With maximum fines for breaching the GDPR the higher of either 4% of group turnover, or €20 million – compliance is essential to anyone involved in processing information and data about individuals in a commercial context.
With that in mind, Mortgage Solutions has put together some pointers to help prepare your businesses for GDPR compliance.
1. Data audit
Organise an information audit across your business – find out what data you hold, what you do with it, where it’s held, who it’s shared with, and how it flows into, through and out of your firm.
Document your findings in a register, this will help you comply with the GDPR’s accountability principle, which requires businesses to demonstrate their compliance efforts.
Also, bear in mind that documentation standards for firms with over 250 employees are more stringent than smaller firms.
You can find details on what firms of different sizes need to document here.
2. Policy and procedure check
A review of existing policies and procedures should be set up, then compared against GDPR requirements.
Before you can collect and process data, you need to identify your lawful justification for processing. For example, when is data processing or collection necessary for the performance of a contract with the data subject? Or when you enter into a contract and has the person given their consent to have their data taken and used?
Your legal approach to handling data has effects on individuals’ rights – if you rely solely on consent to process data, for example, people will have a stronger right to have their information deleted.
What you do with data at the moment should also be reviewed against the GDPR to ensure that individuals’ rights are reflected in working practices.
For instance, the timescale for responding to individuals’ requests seeking to enforce their rights will be shortened from the current 40-day period to 30 days, so update your working practices accordingly.
3. Data protection measures
You also need to have the appropriate technical and organisational practices in place.
Firstly, you need to know when to conduct a Data Protection Impact Assessment (DPIA). DPIAs describe the purpose of processing, the proportionality of processing in relation to that purpose, a risk assessment, and measures in place to address those identified risks.
DPIAs need to be carried out when you’re using new technologies, and when the processing is likely to result in a high risk to the rights and freedoms of people.
In addition, a senior staff member should be appointed to manage information risks, which will include creating risk mitigation procedures, as well as logging and risk assessing information assets.
It’s also important that someone within the business, or an external adviser takes responsibility for data protection compliance.
In certain cases, a data protection officer (DPO) needs to be appointed or hired. For example, you must have a DPO if you carry out large-scale, systematic monitoring of individuals’ data.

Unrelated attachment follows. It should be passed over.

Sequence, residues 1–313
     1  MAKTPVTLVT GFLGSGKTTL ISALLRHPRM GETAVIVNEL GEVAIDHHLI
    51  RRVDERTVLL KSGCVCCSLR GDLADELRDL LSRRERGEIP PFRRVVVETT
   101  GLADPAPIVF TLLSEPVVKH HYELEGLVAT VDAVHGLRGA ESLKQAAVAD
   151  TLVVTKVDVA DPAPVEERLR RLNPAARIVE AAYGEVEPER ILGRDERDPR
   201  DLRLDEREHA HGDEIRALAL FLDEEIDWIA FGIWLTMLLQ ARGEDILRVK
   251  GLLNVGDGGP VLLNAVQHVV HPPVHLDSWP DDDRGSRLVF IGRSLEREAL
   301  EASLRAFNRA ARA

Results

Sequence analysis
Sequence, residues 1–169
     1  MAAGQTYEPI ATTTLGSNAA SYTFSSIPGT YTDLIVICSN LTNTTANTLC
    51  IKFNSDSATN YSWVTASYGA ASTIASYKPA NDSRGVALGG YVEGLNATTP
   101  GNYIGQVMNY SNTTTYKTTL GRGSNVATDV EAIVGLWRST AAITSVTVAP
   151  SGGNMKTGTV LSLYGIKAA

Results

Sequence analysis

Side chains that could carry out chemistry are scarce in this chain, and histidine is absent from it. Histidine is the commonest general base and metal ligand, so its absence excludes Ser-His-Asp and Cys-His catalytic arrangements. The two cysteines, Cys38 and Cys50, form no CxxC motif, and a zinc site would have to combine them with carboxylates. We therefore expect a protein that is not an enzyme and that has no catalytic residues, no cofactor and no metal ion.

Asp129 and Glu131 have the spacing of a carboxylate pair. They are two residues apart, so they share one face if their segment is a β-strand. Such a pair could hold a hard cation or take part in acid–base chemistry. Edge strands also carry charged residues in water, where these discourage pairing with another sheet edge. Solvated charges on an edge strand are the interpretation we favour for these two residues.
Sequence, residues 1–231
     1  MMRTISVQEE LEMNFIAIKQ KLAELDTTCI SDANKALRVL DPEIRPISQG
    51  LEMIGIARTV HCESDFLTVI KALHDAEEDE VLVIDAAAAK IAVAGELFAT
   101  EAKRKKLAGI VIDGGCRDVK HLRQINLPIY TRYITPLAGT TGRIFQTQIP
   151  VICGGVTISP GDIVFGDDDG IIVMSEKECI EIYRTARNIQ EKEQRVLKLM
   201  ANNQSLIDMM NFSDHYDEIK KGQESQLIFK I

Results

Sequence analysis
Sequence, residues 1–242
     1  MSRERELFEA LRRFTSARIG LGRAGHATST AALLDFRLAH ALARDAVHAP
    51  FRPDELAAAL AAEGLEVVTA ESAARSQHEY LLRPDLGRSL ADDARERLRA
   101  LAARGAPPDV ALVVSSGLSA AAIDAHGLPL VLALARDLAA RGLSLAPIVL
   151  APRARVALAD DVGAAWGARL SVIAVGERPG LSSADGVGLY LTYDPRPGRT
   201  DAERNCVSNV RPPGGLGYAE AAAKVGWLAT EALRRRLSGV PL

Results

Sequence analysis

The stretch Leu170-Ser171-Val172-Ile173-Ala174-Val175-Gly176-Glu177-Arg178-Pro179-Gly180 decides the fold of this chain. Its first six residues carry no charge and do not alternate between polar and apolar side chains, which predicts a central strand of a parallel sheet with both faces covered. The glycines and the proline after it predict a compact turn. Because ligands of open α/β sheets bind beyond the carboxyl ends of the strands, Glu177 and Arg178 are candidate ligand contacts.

The DPO will need the expertise to advise on GDPR obligations. They’ll be responsible for monitoring compliance, and will be the first point of contact for authorities, staff and customers alike.
You can find a detailed breakdown on when you must appoint a DPO, and their duties here.
4. Privacy notice update
At the moment, company identity and how you plan to use any data needs to be declared – usually in a privacy notice – before collection.
Under the GDPR, more information needs to be provided. You need to identify your legal grounds for processing, your data retention periods, who the data is shared with, and be aware that people can complain to the Information Commissioner’s Office (ICO) if they find fault with how you handled their data.
This information needs to be given out in your privacy notice, and in any forms or letters you send out to people in concise, easy to understand language.
For more details on privacy notices, and what should be included, go here.
5. Consent building
While consent isn’t always necessary for data processing, GDPR standards for cases where consent is required will be stricter after May.
Consent requests, where applicable, should be kept separate from other terms and conditions, and ought to require a positive opt-in, such as unticked opt-in boxes.
You should also specify the names of your business and any third-party organisations who will use the data, and let people know that they can withdraw consent at any time.
Moreover, you should avoid making consent a precondition of service, and keep records of what individuals have consented to – including what you told them, and when and how they consented.
6. Awareness promotion
GDPR compliance doesn’t stop with a one-off update or system overhaul. Because the legislation concerns how organisations handle data as a whole, it’s essential that awareness of the GDPR, and any changes to policy and work habits are communicated to and understood by staff at every level.
A management approved policy – in a standalone policy statement or as a part of a general staff policy – should be established to help you address data protection consistently. This will also help you satisfy the GDPR’s accountability principle.
You should set up training programmes for staff, and establish a process to monitor ongoing compliance.
Consider setting up workshops, digital walkthroughs, adding a GDPR section to staff handbooks, or creating tests to ensure and maintain awareness of what is changing, and why.
7. Keep an eye out
The ICO’s guidance on GDPR compliance is an ongoing process, so you should keep an eye out for upcoming changes.
The ICO has a GDPR overview on its website, it’s a living document and is updated monthly to highlight developments. You can find the ICO guide here, a 12 step summary to GDPR preparation here, and a detailed compliance checklist here.